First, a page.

Student nurses and midwives have protested across the UK over government plans to scrap their bursaries and replace them with loans. Marches took place in London, Manchester and Newcastle over the plans on 9 January, which would see free NHS bursaries scraped in favour of a loan system.

The government says this would allow more nurses to be trained in the UK but some in the healthcare profession disagree. Student nurse Anthony Johnson said: "It is not going to improve the situation for student nurses, it is going to restrict the applicants that are able to get involved. It is going to stop mature students, and students from lower socio-economic backgrounds getting involved in nursing.

"It is going to make it more likely that we are going to have the NHS privatised. At the moment it feels like another attack against the NHS."

The plans, which were announced during the government's spending review in November 2015, would see students needing to take out loans from 2017. According to the government, these changes would allow for more financial support for home-grown nurses, as well as freeing up funds to train more students.

Nurses and midwives protest over bursary changes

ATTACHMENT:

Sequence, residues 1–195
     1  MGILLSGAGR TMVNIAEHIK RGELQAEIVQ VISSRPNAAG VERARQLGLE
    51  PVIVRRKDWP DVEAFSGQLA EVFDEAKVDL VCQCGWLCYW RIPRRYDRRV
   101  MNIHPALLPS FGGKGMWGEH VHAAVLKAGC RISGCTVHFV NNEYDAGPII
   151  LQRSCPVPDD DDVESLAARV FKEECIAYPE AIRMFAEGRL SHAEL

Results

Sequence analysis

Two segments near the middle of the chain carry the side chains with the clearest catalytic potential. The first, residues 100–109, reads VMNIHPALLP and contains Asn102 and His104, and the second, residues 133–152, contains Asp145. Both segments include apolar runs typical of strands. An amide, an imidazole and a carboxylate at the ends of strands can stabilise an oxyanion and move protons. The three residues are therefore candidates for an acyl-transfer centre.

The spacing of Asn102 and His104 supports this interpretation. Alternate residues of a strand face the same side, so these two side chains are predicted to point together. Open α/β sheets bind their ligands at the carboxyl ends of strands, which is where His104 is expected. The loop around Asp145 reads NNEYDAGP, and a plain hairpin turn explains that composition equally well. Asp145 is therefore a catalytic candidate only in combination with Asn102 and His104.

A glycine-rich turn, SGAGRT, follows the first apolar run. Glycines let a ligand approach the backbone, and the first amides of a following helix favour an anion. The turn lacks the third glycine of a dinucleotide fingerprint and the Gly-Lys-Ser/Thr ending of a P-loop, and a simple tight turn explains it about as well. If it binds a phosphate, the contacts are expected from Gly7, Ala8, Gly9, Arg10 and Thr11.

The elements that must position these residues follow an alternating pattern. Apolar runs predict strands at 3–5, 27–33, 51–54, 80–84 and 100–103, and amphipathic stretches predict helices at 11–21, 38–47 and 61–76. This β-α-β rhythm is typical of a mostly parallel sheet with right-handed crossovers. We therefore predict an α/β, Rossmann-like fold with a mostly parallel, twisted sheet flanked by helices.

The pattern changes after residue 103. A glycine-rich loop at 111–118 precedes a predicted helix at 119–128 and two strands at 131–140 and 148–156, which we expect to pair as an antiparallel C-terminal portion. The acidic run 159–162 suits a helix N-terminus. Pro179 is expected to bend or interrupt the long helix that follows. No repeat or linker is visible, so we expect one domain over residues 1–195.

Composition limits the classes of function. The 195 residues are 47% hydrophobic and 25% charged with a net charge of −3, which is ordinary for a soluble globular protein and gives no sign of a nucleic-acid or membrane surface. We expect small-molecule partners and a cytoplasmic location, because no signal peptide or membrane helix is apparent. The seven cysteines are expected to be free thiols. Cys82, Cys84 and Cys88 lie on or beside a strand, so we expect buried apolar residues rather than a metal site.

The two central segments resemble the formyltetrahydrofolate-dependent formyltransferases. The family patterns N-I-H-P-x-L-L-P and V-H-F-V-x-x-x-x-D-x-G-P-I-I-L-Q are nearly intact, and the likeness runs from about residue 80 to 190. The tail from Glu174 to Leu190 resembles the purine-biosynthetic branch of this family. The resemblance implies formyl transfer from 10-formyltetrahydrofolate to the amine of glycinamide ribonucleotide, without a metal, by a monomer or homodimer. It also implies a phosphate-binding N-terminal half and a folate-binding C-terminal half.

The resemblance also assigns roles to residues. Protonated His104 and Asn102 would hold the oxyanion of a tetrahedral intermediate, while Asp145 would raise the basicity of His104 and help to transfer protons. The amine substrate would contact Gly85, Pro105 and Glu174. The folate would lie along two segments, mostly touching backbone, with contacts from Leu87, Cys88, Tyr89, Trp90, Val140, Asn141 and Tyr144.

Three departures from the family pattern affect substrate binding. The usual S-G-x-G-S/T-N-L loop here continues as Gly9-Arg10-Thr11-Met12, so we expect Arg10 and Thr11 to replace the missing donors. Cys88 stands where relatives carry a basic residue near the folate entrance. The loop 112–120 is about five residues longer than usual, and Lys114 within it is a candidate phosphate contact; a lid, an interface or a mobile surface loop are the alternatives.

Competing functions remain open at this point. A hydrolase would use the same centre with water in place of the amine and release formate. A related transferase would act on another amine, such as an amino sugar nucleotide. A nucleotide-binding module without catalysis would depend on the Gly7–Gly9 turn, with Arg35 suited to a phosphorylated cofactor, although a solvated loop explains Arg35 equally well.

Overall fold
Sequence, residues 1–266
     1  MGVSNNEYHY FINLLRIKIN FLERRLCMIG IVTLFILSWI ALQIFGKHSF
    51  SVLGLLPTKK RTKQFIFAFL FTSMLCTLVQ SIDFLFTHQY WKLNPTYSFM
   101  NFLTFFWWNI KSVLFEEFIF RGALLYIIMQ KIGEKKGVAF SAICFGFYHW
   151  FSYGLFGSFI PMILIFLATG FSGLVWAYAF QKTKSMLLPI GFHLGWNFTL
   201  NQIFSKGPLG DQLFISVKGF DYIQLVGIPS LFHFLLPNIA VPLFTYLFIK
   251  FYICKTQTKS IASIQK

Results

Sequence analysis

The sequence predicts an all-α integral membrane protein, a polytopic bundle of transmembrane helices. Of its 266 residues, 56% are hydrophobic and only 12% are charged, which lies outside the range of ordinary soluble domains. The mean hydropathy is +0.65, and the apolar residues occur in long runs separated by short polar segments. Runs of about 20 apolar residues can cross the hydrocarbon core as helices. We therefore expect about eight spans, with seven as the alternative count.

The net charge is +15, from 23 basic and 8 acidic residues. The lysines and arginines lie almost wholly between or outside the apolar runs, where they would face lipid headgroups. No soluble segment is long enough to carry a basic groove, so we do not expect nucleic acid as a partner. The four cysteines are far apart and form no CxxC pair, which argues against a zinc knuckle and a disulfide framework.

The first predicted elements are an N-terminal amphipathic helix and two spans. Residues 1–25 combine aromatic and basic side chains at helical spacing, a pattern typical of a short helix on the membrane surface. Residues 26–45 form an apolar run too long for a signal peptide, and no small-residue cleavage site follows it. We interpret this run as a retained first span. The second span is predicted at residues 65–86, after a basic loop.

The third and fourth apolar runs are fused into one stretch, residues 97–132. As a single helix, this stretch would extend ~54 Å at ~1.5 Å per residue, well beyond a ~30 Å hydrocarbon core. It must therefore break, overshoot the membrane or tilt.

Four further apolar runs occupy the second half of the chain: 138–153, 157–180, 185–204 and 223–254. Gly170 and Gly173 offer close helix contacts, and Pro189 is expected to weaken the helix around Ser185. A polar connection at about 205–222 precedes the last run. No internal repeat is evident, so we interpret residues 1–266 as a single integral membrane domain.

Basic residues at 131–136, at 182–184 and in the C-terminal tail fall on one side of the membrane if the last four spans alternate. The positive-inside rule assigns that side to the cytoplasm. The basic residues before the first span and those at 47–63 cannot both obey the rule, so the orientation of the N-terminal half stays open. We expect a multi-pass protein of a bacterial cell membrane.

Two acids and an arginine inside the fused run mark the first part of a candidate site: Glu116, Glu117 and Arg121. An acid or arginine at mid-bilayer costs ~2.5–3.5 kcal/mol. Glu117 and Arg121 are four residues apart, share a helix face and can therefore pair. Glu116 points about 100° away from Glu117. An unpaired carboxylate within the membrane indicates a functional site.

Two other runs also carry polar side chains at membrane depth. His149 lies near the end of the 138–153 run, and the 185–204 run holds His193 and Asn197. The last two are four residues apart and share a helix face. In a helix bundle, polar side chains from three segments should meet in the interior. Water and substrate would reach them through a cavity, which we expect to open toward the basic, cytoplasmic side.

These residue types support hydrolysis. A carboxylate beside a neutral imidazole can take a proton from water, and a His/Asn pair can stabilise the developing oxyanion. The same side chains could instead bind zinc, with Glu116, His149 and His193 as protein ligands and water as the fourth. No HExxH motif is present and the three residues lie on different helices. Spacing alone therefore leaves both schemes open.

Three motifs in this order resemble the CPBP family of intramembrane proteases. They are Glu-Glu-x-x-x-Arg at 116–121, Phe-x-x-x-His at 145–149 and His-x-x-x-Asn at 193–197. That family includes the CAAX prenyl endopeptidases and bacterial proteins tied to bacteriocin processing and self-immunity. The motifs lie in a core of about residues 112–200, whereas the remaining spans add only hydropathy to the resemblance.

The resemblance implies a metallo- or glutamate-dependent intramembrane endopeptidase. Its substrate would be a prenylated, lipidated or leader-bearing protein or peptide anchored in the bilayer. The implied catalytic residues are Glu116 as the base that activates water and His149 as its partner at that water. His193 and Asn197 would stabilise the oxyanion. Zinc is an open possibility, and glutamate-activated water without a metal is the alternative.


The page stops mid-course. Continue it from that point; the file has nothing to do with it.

Protestors take part in a demonstration against the proposed cancellation of bursaries for student nurses in LondonReuters/ Paul Hackett

Janet Davies, Royal College of Nursing (RCN) chief executive and general secretary, said: "RCN students have today shown just how worried they are about this move and its potential effects. Student nurses and midwives are the profession's future and their voices and concerns must, and should be listened to.

"Over our 100 year history, the RCN has a long track record in the education of nurses and the government should listen to our knowledge and expertise as it consults on these ill thought out plans."

The protests took place ahead of the junior doctors' strike on 12 January. Thousands are expected to walk out across the UK, over planned changes to their contracts.